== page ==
Scott Tenorman - Friday, February 3, 2006
Actor Sean Bean's big break came when he played Mellors in the 1993 TV adaptation of Lady Chatterley. He played Boromir in The Lord Of The Rings and Odysseus in Troy, in addition to a wide range of stage roles. The three-times divorced star, 46, and long-time Sheffield United football club supporter stars in North Country, which is released today.

Your character in North Country is a sensitive sort. Would you still play a villain?
Yes, because I've played some good guys recently, so it has balanced itself out a little bit. Look at Anthony Hopkins doing Hannibal Lecter. You couldn't turn something like that down. The characters have to have some substance, rather than be caricatured bad guys.

The film's received some Bafta and Golden Globes nominations. You must be pleased.
You can't be in something brilliant artistically and commercially every time you do a film but you can be in something you feel strongly about. I've felt strongly about everything I've done but that's especially true of North Country.

You've worked with Oscar winners Charlize Theron and Frances McDormand on North Country, as well as Jodie Foster. Are they similar?
Some of them have quite a large entourage but, in terms of the actual acting, we're all in the same boat. Jodie is quiet, private and very focused on her work. Charlize is great but I got to know Frances better. She's very down to earth, very pragmatic, very realistic. She made quite a big impression on me. She's very: 'F**k it, come on guys, let's go out and have a beer.'

Do you ever look at website Worldwide Bean Alerts?
Really? Is there one? Are you serious?

Yes.
It's weird, isn't it? I'm useless with computers and stuff. I sometimes ask my children what's happening with me on the Internet - you know, where am I? What am I doing? That sort of stuff.

You were recently voted the second sexiest Brit on a fan website.
Yeah, but who was first?

Orlando Bloom.
I thought it f**king might have been.

You've spent a lot of time in the US lately. Do you have a big house in LA?
I don't have a house there. It's just an added responsibility. I've got a place in London I like, so I don't really want to mess about with anything else.

Don't you get sick of hotels?
Oddly, no. I think I was the only one in The Lord Of The Rings who stayed in hotels for a year. Everyone else had houses or apartments. You just don't have to do anything, do you? You just do what you want and they come and clean it up.

Are you one of those actors who wants to work all the time?
I do like working. I love the process. I find it's really satisfying, rewarding and exhilarating. I like to have time off too because I have lots of other interests - football, cricket, boxing, seeing my friends. I got to see the last minute of the Ashes in the British Airways lounge at Heathrow then had to get on the plane for LA.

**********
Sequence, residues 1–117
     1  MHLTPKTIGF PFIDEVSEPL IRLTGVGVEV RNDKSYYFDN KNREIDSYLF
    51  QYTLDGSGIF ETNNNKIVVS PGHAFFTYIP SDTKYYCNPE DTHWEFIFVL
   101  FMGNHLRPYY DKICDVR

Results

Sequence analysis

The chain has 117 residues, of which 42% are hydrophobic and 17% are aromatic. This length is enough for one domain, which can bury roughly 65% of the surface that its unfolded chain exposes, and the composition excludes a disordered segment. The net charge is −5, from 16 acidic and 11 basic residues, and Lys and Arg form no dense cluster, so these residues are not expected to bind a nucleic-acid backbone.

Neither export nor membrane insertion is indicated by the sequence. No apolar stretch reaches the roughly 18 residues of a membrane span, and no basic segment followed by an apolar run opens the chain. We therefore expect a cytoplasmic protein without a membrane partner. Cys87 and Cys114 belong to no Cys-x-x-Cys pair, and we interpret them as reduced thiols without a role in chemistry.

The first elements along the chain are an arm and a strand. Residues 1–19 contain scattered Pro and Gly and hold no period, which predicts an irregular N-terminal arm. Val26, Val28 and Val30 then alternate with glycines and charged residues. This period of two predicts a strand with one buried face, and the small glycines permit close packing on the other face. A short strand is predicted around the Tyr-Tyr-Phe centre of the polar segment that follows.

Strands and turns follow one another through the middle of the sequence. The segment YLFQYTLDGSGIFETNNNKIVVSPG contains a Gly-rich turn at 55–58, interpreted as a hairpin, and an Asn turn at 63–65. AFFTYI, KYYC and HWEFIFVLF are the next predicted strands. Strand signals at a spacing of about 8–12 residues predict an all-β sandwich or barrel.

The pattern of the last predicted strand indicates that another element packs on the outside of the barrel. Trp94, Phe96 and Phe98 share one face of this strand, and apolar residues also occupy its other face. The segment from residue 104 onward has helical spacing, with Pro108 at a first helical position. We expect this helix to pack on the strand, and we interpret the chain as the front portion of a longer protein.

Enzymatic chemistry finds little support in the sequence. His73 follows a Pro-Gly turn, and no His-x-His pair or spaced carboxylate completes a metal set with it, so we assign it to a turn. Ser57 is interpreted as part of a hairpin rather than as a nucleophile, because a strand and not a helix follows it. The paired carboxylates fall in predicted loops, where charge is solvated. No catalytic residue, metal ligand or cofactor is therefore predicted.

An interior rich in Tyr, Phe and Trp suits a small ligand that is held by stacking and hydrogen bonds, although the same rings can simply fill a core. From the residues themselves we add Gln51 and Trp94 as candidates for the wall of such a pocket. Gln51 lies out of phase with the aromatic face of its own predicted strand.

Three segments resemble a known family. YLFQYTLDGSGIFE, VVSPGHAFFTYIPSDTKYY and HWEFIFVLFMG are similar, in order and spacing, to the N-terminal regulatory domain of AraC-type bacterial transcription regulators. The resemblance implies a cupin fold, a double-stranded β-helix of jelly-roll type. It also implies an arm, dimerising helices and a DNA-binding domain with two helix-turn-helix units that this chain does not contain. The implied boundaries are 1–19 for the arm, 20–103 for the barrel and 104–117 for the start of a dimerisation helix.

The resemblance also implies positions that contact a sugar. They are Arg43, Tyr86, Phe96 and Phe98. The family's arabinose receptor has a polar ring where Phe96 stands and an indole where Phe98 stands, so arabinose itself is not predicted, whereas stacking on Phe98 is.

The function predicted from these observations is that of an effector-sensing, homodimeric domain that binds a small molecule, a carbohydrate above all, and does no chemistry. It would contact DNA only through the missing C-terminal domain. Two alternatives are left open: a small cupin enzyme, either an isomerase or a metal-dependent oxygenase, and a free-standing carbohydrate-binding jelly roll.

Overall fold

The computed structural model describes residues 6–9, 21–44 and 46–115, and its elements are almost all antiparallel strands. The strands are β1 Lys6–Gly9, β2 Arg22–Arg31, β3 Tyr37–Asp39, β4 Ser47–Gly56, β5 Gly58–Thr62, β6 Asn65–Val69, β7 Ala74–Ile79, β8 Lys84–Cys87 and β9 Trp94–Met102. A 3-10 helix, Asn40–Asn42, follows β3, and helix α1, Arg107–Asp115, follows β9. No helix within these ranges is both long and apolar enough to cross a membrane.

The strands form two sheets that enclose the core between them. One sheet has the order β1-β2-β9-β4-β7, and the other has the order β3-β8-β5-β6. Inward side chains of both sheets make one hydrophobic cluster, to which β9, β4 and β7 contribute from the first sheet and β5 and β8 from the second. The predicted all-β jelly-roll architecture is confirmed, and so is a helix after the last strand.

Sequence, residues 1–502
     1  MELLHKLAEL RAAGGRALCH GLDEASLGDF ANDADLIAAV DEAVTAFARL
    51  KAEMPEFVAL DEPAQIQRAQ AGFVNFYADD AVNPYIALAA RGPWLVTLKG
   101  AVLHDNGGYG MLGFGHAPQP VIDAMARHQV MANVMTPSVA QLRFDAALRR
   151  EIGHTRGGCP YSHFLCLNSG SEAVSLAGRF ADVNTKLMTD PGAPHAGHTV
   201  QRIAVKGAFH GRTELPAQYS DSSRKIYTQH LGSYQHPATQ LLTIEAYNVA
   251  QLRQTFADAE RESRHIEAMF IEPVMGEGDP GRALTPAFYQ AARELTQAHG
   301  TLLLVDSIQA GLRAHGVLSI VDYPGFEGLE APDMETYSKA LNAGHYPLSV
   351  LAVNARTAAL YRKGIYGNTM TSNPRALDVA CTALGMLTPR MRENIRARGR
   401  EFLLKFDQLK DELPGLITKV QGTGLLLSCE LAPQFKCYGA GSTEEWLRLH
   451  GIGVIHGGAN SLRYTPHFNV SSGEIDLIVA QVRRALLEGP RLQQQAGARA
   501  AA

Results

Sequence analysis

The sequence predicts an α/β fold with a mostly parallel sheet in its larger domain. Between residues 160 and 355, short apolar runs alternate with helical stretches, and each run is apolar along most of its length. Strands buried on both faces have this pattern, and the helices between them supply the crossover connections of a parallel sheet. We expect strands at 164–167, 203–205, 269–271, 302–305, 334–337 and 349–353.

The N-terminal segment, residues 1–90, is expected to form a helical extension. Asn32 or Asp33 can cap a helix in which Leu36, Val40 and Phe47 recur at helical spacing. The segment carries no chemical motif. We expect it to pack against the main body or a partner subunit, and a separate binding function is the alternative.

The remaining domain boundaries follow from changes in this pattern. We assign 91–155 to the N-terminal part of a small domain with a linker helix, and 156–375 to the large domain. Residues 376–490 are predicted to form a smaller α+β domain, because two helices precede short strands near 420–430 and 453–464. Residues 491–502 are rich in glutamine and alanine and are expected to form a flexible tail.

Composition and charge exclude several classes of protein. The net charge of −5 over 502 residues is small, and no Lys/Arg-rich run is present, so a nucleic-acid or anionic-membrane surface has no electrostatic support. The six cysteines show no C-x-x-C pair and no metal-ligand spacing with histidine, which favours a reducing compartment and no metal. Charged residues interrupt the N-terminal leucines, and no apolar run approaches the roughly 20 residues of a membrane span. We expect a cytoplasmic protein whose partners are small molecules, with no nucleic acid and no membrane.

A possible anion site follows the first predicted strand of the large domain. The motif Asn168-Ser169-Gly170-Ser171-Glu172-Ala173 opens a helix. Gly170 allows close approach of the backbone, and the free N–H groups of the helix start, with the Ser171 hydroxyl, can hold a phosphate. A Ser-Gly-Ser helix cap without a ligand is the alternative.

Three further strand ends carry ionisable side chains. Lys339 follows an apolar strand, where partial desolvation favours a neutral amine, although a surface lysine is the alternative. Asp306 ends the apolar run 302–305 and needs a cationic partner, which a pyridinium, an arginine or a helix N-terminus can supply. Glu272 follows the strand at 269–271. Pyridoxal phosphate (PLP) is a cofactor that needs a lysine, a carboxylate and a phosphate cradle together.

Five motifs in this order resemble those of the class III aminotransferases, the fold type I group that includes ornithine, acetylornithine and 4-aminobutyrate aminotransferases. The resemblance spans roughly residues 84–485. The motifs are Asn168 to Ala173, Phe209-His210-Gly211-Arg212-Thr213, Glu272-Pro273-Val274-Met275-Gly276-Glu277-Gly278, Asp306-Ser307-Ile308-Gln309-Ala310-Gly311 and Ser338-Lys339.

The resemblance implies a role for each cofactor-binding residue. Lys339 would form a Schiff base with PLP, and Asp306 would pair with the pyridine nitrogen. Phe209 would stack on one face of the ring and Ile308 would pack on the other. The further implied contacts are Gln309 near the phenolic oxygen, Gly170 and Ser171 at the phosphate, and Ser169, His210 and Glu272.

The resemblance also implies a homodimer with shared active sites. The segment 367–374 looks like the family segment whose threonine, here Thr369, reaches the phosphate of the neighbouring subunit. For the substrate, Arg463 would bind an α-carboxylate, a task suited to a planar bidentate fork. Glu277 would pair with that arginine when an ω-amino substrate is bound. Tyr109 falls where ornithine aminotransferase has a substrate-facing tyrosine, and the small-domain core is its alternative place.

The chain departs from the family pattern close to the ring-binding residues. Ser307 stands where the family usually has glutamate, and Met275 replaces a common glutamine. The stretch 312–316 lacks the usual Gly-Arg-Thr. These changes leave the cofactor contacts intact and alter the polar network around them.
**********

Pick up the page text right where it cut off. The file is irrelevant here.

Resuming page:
Is it true you and Peter O'Toole are cricket buddies?
Yes, I had lunch with him not long ago. He's a massive Yorkshire and England cricket fan. He's even done a coaching course. He's obsessed with it.

So you've been friends since you made Troy?
Yeah, I've not known him too long but I feel like I have. He was like an inspiration to me as a child, a real hero, so to work with him was incredible. The first time I met him was on the Troy set in Malta and he came into the dressing room holding a cigarette holder, wearing a dressing gown, sandals and a T-shirt with a picture of Darren Gough on it. I thought: 'F**k! Peter O'Toole. This is brilliant.'

Do you get recognised a lot when you go out?
It's sort of a mix. Most people leave me alone. I go to Sheffield and lots of people know who I am. They're old friends but it's different in London. If I go to a pub in the West End at 10.55pm, I'm asking for it but most people are complimentary and I do appreciate that.

You worked as a welder in Sheffield. How have your old friends reacted to your acting?
At first, it was a bit dodgy. They thought I was a bit of a fairy but I was determined to do what I wanted to do - and that's what I wanted to do, so I did it. I come from a very working-class background, so it was quite a strange thing to say to my parents: 'I'm going to go to London and be an actor.' They were kind of: 'What are you on about?'

How has your experience with the tabloids been?
I've not really been pursued by them. I seem to have quite a good relationship with them in that I don't seem to be in them very much, which is probably what constitutes a good relationship. I think they're OK with me and I'm OK with them.

Any truth to the rumour that you're getting married again (to actress Georgina Sutcliffe)?
No. I've had my fair share of that. Never say never but I certainly have no plans to get married.
Source of this article : Metro